Richard Wagner

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Wilhelm Richard Wagner

Wilhelm Richard Wagner (22 May 1813 – 13 February 1883) was a German composer, conductor, director, and writer, who is known for his operas that often were influenced by German mythology and Romantic nationalism. He is also known for various controversial political views and other controversies.

German nationalism and exile

In his younger years, Wagner was interested in more left-wing nationalism. After having had a minor part in the Revolutions of 1848, he was forced into exile from Germany between 1849 and 1862. In the later part of his life, he supported more right-wing nationalism.

Wagner and Jews

Wagner is controversial for his criticisms of Jewish influence (such as on German music), his influence on National Socialism (such as on the concept of "degenerate art"), his racial views, his links to Arthur de Gobineau and Adolf Hitler, claimed covert anti-Semitic allusions in his artistic works, alleged partial Jewish ancestry, and alleged mental illness as explaining less politically correct views.

There are various criticisms and less politically correct views on the above. See the "External links" section.

Wagner's music

As a young man Wagner composed some concert overtures and a symphony before turning his attention to opera. He was occasionally to create other concert works, but it was with his operas that he was to build his reputation. Although his early works in this field were not successful, and resulted in debts, it wasn't long before the sought-after success arrived with "Rienzi". This opera was influenced by Meyerbeer who was one of the leading opera composers of the day, and gave Wagner much support. The work's success helped to secure for its composer a more prestigious conducting post at the Dresden Opera, sending Wagner's career on an upward spiral of success and ambition.

However his period of exile in Zurich intervened, and so it was that while unwelcome in his native Germany, he nevertheless composed operas to be performed there to great acclaim (often conducted by Franz Liszt) building his fame on "Lohengrin", "Tristan and Isolde" and "Die Meistersinger von Nurnberg" while all the time working on his magnum opus, the Ring Cycle. He moved to Paris where his relationship with Cosima von Bulow (nee Liszt) blossomed, and once the domestic situation had eased, he returned to Munich in his native land. There the young King Ludwig II of Bavaria was an influencial patron providing further impetus to the composer's career. Afterwards Wagner was to set up home at Villa Wahnfried near Lake Lucerne. While staying there he took upon himself a massive four-year project to build a specially designed theatre in Bayreuth, where he gave the first complete performance of the four operas of the Ring Cycle in 1876. He died aged 69 in Venice where he was staying to seek some rest.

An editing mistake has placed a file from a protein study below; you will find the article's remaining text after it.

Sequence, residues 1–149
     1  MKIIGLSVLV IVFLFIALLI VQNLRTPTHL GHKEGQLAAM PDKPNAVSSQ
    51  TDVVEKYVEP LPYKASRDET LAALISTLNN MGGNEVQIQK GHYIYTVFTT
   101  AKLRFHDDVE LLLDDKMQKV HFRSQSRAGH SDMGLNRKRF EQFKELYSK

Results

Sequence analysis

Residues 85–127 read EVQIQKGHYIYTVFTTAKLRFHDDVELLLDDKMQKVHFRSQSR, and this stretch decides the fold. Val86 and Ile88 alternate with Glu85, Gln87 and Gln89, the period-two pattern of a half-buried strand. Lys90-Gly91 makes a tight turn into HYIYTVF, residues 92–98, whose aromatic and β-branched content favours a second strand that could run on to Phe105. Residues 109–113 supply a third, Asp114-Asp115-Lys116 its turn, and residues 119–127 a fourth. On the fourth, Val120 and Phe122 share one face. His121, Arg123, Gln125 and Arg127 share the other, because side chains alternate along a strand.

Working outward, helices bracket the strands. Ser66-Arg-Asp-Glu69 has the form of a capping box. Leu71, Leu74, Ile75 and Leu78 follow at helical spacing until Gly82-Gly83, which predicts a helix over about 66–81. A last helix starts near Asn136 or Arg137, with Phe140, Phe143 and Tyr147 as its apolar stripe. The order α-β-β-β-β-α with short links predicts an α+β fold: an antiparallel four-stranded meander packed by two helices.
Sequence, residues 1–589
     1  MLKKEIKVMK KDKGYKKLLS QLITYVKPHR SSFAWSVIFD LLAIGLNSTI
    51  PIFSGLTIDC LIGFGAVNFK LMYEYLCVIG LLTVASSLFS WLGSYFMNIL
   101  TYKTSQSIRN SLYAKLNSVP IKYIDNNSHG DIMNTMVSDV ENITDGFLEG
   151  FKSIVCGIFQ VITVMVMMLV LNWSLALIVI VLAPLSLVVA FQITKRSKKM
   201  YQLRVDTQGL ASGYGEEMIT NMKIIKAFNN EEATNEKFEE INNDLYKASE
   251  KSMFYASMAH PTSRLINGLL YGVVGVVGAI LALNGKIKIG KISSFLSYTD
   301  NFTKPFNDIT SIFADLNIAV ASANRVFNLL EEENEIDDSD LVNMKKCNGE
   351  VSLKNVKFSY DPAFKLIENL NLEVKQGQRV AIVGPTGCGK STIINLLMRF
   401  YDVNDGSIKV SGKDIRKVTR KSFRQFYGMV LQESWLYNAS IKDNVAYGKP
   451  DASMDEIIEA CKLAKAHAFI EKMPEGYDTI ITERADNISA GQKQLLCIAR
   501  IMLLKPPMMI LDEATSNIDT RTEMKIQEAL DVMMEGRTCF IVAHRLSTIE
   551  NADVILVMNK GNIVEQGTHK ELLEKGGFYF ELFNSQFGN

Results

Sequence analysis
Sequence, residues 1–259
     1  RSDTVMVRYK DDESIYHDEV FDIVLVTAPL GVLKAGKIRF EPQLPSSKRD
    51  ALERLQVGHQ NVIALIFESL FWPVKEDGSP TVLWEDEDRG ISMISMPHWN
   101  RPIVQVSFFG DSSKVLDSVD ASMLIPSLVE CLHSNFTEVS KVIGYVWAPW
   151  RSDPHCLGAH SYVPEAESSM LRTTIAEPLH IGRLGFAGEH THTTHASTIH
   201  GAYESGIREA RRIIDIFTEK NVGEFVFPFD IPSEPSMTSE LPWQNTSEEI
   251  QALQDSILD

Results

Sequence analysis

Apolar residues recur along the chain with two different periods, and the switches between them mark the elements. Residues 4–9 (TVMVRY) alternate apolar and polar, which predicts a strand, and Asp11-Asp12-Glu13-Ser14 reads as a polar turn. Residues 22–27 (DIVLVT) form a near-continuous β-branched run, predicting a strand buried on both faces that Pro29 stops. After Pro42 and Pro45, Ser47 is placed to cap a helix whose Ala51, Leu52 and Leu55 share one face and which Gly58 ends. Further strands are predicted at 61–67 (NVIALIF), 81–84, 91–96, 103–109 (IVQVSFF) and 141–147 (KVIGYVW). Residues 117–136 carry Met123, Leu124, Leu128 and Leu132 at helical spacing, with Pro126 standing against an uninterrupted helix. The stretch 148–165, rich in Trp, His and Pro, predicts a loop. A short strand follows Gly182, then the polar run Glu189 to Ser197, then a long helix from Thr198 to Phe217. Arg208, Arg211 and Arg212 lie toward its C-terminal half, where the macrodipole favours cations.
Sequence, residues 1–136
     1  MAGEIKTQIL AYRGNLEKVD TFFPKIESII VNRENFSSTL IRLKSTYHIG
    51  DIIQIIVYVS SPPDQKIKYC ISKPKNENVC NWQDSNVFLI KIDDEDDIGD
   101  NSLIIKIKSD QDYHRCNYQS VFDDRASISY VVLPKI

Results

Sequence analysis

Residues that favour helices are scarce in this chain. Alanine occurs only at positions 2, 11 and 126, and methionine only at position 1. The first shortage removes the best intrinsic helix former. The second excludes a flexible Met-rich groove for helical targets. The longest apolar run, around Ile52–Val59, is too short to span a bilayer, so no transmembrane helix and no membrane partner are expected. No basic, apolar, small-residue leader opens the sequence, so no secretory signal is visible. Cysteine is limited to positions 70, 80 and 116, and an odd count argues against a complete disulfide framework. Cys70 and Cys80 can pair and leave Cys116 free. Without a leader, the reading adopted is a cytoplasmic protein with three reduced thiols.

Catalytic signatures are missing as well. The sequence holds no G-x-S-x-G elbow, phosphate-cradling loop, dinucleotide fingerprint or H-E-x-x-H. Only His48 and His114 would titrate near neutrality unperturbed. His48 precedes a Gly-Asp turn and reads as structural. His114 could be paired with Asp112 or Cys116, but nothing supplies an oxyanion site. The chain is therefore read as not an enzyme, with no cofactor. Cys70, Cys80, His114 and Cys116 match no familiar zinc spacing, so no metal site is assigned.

Wagner revolutionised opera through his concept of the Gesamtkunstwerk ("total work of art"), by which he sought to synthesise the poetic, visual, musical and dramatic arts, with music subsidiary to drama.

Major Works

Concert or Chamber Works:

  • Concert overtures
  • A Symphony
  • Wesendonk Songs - named after a supporter whose wife Wagner had an affair with
  • Many Preludes and other extracts taken from his operas are played in concert
  • Siegfried Idyll

Operas / Music Dramas

  • Die Feen (The Fairies)
  • Das Liebesverbot (The Ban on Love)
  • Rienzi
  • Der Fliegende Hollander (The Flying Dutchman) - with some truly atmospheric storm music
  • Tannhauser - including the "Pilgrim's Chorus"
  • Lohengrin - from which the famous Bridal Chorus comes
  • Tristan and Isolde - this has Celtic resonances, set in Ireland, Cornwall and Brittany, and is musically powerful with its closing Liebestod (love-death) music of Act III Scene III.
  • Die Meistersinger von Nurnberg (The Mastersingers of Nurnberg) - tuneful and somewhat lighter in tone.
  • Parsifal - a semi-religious work

Der Ring des Nibelungen

  • Das Rheingold
  • Die Walkure - with its "Ride of the Valkyries" (German: Walkürenritt)
  • Siegfried - which was to give rise to the "Siegfried Idyll"
  • Gotterdammerung (The Twilight of the Gods)

External links


Wagner and Jews

By Wagner

On Wagner